Photo: Land Trust.

Prescribed Burn Training Attended by Land Trust Staff

Jun 05, 2024 by Jana Hemphill
The Land Trust recently had two staff members that were selected to participate in this year’s Central Oregon Prescribed Fire Training Exchange (COTREX).

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The Land Trust recently had two staff members that were selected to participate in this year’s Central Oregon Prescribed Fire Training Exchange (COTREX). This program helped stewardship associates Peter Cooper and Gabriel Juarez learn, practice, and share experiences related to prescribed fire. This included learning about the local ecology of fire-adapted forests in Central Oregon, as well as participating in prescribed burns—from scouting and preparation to ignitions, mop-up, and patrol. In addition, Peter and Gabriel received their National Wildlife Coordinating Group Firefighter 2 certification (also known as a red card).

During COTREX, Gabriel and Peter were able to participate in four prescribed burns, ranging from several acres up to 280 acres. These prescribed burns occurred on Deschutes National Forest lands.

We asked Peter and Gabriel to tell us a little bit more about their experiences participating in COTREX.


1. Why did you want to attend COTREX?

Peter: I wanted to attend COTREX because I was eager to learn more about fire and forest ecology and then take that knowledge into the implementation of forest restoration projects on Land Trust properties. It was also a great opportunity to get some live fire and burn operation experience so that the Land Trust could have staff with red cards and the qualifications necessary to participate in future cross boundary prescribed burns. 

Gabriel: I wanted to attend COTREX to develop a deeper understanding of how fire plays a crucial role in the health, resiliency, and restoration of fire-adapted ecosystems, particularly in the high desert of Central Oregon. I also felt that it was important to gain real on-the-ground fire experience, so there can be staff prepared to use fire as a restoration tool on Deschutes Land Trust Preserves in the future.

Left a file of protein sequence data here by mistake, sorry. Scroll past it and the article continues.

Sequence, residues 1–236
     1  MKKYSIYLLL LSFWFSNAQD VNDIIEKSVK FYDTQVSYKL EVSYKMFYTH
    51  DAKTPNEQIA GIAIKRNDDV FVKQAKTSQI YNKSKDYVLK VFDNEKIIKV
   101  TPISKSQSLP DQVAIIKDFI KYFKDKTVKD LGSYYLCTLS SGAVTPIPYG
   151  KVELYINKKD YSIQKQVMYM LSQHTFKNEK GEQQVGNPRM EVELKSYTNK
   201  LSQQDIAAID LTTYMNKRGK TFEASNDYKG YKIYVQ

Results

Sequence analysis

2. What was your favorite part of COTREX?

Gabriel: My favorite part was having the opportunity to network amongst some extremely knowledgeable and friendly professionals from other state and federal agencies who work with fire on a daily basis. 

Peter: My favorite part was getting to know and network with people from various agencies and organizations across Oregon and the Pacific Northwest, including the Warm Springs Wildland Fire Module, Forest Service, the Nature Conservancy, Oregon Department of Forestry, and Washington Department of Natural Resources. It was a great opportunity for people coming from very different backgrounds and eco-regions to learn and burn together as a unit. 


3. What was the most interesting thing you learned?

Peter: The most interesting thing I learned was that before fire suppression and logging, most of our dry pine forests in the areas around Central Oregon had a fire return interval of approximately every 10-15 years. Those frequent low-intensity fires were what ponderosa pine adapted to thrive in, and there is a lot of work needed to reset the clock for the past 100+ years of forest management decisions. 

Gabriel: One of the most interesting things I learned was how different fuels, i.e. grass, downed logs, shrubs, etc that are available on a burn unit impact overall burn objectives and influence ignition patterns and strategies. 


4. Can you share a fun fire fact?

Gabriel: Native bunchgrass stands like Idaho fescue respond favorably to low-intensity fires because old dead foliage burns off and new growth is encouraged. 

Peter: Low-intensity fire increases resin production in ponderosa pine that in turn increases their defense against bark beetle and other insect attacks. 


Check out this video of Peter's and Gabriel's experiences with COTREX!


The Land Trust looks forward to utilizing Gabriel's and Peter's new skills this fall during a prescribed burn at the Metolius Preserve. Stay tuned!


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